What is Intravenous Fluid Replacement Therapy?
Intravenous fluids are also administered when the balance between the water and electrolytes is lost. For example, if the sodium levels fall too low, intravenous fluid that contains sodium is given. If the potassium levels are low, a potassium-containing solution is administered.
Several drugs are also administered through IV fluids. These come either premixed with the fluid or have to be mixed before administration. It is important to note the instructions on the medication since some drugs cannot be given with certain IV fluids. Intravenous medications are particularly useful in emergencies because they act almost immediately.
Intravenous fluids are also used provide nutrition for those who cannot take in nutrition orally through a Ryles tube. They are administered during surgery to provide fluids and administer drugs.
What are the Types of Intravenous Fluids?Intravenous fluids are of two types – crystalloids and colloids.
Crystalloids contain water, electrolytes and /or glucose in different proportions. Some of the crystalloids available include:
- 2.5%, 5%, 10% dextrose in water
- Isotonic, hypertonic or hypotonic sodium chloride / saline
- Dextrose in saline
- Ringer lactate
Examples of colloids are:
- Hydroxyethyl starch
Colloids remain within blood vessels for a much longer time than crystalloids and help to increase the volume of fluid within blood vessels.
How is Intravenous Fluid Therapy Administered?Intravenous fluids are usually administered in a hospital though they are also administered at home in some conditions. Some of the guidelines to administer intravenous fluid are as below:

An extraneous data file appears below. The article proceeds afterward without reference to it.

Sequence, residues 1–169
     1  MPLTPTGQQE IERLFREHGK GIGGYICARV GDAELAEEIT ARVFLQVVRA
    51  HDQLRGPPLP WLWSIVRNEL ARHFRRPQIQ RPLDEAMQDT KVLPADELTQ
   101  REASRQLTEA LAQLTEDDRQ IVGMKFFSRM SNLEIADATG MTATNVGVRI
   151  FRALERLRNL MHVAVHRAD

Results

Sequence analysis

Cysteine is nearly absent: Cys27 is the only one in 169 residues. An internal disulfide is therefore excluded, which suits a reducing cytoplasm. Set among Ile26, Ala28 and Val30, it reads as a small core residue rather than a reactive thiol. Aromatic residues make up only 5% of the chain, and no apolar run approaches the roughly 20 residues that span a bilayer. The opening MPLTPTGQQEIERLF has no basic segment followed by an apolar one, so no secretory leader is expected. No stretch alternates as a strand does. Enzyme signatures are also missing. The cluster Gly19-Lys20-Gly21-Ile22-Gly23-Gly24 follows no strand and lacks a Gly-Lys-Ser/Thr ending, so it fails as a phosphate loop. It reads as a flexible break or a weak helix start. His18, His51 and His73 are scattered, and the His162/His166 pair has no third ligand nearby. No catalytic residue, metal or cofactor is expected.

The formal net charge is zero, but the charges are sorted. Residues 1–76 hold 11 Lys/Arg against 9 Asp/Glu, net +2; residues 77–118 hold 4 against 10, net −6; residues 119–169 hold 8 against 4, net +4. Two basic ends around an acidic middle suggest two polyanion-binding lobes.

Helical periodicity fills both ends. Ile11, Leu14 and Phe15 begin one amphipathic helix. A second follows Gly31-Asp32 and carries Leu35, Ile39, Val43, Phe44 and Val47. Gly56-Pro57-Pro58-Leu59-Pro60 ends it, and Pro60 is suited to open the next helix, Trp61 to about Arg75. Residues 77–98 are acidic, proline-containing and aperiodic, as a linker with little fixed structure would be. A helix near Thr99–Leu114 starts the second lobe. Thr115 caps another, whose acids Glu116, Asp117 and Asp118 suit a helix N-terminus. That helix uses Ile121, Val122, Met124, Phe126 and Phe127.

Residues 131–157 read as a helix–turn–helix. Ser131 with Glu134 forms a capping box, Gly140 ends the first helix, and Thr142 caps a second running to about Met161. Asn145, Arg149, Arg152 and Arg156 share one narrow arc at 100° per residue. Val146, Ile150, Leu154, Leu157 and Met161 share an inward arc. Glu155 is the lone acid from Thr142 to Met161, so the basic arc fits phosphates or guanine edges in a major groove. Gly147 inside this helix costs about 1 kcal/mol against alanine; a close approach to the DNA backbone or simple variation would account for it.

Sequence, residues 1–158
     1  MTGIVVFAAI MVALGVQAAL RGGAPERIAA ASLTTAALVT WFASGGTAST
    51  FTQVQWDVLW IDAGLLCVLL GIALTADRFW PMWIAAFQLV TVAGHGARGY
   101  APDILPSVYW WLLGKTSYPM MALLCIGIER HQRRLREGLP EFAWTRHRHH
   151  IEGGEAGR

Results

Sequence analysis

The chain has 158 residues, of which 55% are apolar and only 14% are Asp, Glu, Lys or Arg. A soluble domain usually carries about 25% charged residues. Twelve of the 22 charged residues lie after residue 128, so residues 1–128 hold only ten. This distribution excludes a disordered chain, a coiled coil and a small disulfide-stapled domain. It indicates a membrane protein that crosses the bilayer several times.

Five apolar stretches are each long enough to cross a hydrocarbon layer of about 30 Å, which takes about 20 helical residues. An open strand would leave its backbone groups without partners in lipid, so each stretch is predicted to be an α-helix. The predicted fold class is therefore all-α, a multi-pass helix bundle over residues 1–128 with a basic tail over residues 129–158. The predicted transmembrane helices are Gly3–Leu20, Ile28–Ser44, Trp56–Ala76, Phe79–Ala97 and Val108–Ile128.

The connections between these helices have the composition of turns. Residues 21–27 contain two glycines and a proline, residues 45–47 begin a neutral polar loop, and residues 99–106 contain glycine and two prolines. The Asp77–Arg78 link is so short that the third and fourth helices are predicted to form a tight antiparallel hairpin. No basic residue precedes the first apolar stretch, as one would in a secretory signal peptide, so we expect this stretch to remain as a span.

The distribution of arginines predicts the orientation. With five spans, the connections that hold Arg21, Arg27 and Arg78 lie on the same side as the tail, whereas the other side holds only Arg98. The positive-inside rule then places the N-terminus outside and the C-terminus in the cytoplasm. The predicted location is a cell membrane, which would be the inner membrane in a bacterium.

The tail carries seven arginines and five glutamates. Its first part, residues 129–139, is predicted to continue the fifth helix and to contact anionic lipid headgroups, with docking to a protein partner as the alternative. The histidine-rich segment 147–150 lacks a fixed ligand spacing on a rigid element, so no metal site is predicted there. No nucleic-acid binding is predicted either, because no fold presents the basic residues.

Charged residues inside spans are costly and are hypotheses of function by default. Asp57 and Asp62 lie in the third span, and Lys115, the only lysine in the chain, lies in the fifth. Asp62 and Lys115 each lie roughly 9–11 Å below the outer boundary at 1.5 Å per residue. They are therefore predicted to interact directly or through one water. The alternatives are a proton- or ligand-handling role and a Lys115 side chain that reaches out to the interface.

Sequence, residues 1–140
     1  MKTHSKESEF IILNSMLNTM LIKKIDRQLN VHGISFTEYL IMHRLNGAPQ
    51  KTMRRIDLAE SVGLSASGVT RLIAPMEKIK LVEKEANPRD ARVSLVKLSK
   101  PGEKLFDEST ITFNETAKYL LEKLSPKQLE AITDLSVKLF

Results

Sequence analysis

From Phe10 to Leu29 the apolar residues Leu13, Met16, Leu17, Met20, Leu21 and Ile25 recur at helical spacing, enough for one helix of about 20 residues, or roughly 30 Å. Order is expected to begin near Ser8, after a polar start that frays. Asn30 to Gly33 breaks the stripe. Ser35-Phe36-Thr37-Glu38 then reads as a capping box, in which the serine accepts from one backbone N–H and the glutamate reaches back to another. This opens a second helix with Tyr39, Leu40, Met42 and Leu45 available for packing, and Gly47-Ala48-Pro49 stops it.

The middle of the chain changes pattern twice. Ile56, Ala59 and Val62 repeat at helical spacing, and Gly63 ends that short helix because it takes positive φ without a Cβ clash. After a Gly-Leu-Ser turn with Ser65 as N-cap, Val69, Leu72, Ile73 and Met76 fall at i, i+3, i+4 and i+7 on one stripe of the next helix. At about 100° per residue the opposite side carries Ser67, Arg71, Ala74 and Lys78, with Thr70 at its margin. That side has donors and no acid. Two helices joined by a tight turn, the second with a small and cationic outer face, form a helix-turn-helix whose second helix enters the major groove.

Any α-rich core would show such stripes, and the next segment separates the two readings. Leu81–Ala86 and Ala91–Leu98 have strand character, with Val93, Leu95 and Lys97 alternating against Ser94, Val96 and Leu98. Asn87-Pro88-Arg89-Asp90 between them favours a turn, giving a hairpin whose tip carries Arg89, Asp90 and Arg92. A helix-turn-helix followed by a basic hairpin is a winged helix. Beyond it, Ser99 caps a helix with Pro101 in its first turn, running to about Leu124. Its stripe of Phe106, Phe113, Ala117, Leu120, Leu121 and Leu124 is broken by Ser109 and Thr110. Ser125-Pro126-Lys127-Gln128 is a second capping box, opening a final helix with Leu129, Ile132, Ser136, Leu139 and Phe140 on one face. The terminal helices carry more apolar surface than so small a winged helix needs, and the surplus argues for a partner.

- The ideal fluid for the particular situation is selected
- The amount of fluid necessary is calculated
- The intravenous set is set up. The fluid is passed through the tubing to replace the air in it
- The cannula for injection is introduced into a vein using aseptic precautions and secured in place. The injection is usually given in a peripheral vein in the arms or sometimes the legs. Irritant drugs cannot be administered into these veins. Injection into a larger vein closer to the heart is done in case long term IV fluids are required or the peripheral veins have collapsed
- The drip rate of the IV set is adjusted
- The IV fluid is labelled
- The fluid level should be regularly monitored. The fluid intake and output should also be recorded
What are the Complications Associated with Intravenous Fluid Therapy?Complications due to intravenous fluid therapy include:
- Excess of fluid can result in fluid load. Due to this, the patient may suffer from pulmonary edema (fluid accumulation in the lungs) or heart failure
- Infections, if adequate sterile precautions are not taken
- Electrolyte imbalances, which can cause dangerous effects. For example, high potassium levels can affect the heart
- Bleeding, pain and /or inflammation at the site of injection
- Air embolism, if air goes through the tubing into the body. A clot may also be formed at the catheter site which can get detached and form an embolus. The embolus may travel to the heart or brain resulting in serious consequences
- Allergic reaction to the fluid or drug administered